Just beautiful, and the exemplary photo for June's ToM! I love it. Your work makes me wonder if I should get a dedicated macro lens for my D7000, rather than depend on the macro feature of by bridge camera.
feather (2017/06/02 16:31:16): Thanks Murat. I can't comment on the bridge camera, but I'm guessing you have more control with a DSLR and a macro lens. I wrote some advice in the forum some time ago SEE HERE
I was using a D300 when I wrote that and the live view procedure is slightly different on the D7000, but being able to zoom in 100% to focus is a real advantage to pin-point the actual part you want perfectly sharp. Trying to focus using auto-focus is difficult because the lens keeps searching, so what is in focus is hit and miss.
Macro photography is not easy at first but I found persistence was worthwhile. The main problem is getting the DOF you want. I've been experimenting with selective focus for a while now so there is some "artful" o-o-f. (note the o-o-f on this image at f18!!)
What a coincidence, I am up early 6:30 here drinking my morning tea before jumping on my bike, and why? About a 5 minute bike ride away is a field that is full with poppies, cornflowers and giant Daisy's. Armed with my gorilla pod, my plans was to expirememt with macro shots, for the theme and because I have never tried it.
And the first image I see on PF is this absolute gorgeous image with technical tips. I still don't understand how you can get so much oof with f18, I was thinking of using my portrait lens and f2,8. We'll see it's an experiment and learning process.
This goes into my favorite and choices.
Wish me luck😉
feather (2017/06/04 21:19:10): The extra difficulty you have to contend with when doing macros outdoors is the wind. When you're using small apertures you inevitably have a slow shutter speed so every movement will show up. Also a bright overcast day is better than sunlight. Almost all my true macros are done indoors.Everlasting (2017/06/03 20:15:31): Well it wasn't a good start after all, it was cloudy no light, the gorilla pod was useless and I couldn't work out the settings. Anyway, re-read the link that you posted and tried a couple of shots back here at home. Think I have a better idea of how to do it, so if the light is good tomorrow back out to the field, but this time with the tripod and try again. If at first you don't succeed ............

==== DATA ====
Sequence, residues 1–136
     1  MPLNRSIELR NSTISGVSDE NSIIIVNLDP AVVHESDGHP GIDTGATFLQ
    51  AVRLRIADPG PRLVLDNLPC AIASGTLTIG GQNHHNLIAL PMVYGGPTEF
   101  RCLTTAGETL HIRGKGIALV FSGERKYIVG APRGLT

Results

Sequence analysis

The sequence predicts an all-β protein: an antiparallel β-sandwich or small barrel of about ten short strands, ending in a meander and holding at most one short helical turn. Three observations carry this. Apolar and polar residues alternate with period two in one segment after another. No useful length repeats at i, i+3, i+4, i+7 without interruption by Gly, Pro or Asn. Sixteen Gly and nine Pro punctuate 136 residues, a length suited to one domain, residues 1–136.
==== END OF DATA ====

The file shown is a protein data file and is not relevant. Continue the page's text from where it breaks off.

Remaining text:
Thanksfeather (2017/06/03 08:19:00): PS The main problems you get with a normal lens is you can't get close enough to focus and you can't get really small apertures.
Kfeather (2017/06/03 08:16:45): I probably missed you now, for my advice. With macro the DOF is always very shallow, as the closer you get, the DOf decreases. Have a read of the forum post I did where I try to explain that. (see my reply to Murat for the link.)
Good luck. Let me know how you get on.
Thank you for the fave!
Soft, delicate, creamy, silky, pastel ... a blast of delicate elements that evoke softness and tenderness. An image that could be used for many things that can be associated with the adjectives or qualities. How about a soap? :-)
nice abstract mood with a touch of dream and reality matching well with the theme of month. well done.
PS: london is under attack again, it survived many times after pass by worst things, these little devils will be defeated despite its cowardice.
This is a dream, pure eye candy, Kath, a visual treat. Really nice the areas "in a haze" while the front petal is sharp and yet "untouchable", you don't want to leave marks, you hope that no rain will come to distroy this ever. Luckily there will be a next summer and in 12 months there is another spring and summer we can enjoy this beauty again. Very very nice.
I have some lupine pictures to post and I thought I got close-up detail, but this is just amazing!. It really looks so soft that I can almost feel being enfolded in such softness. You really are the champion of macro flower images. I also appreciate your endless generosity in sharing your experienced knowledge. Macros are again on my list, but this time, I'll bring the flowers inside. HLJ, P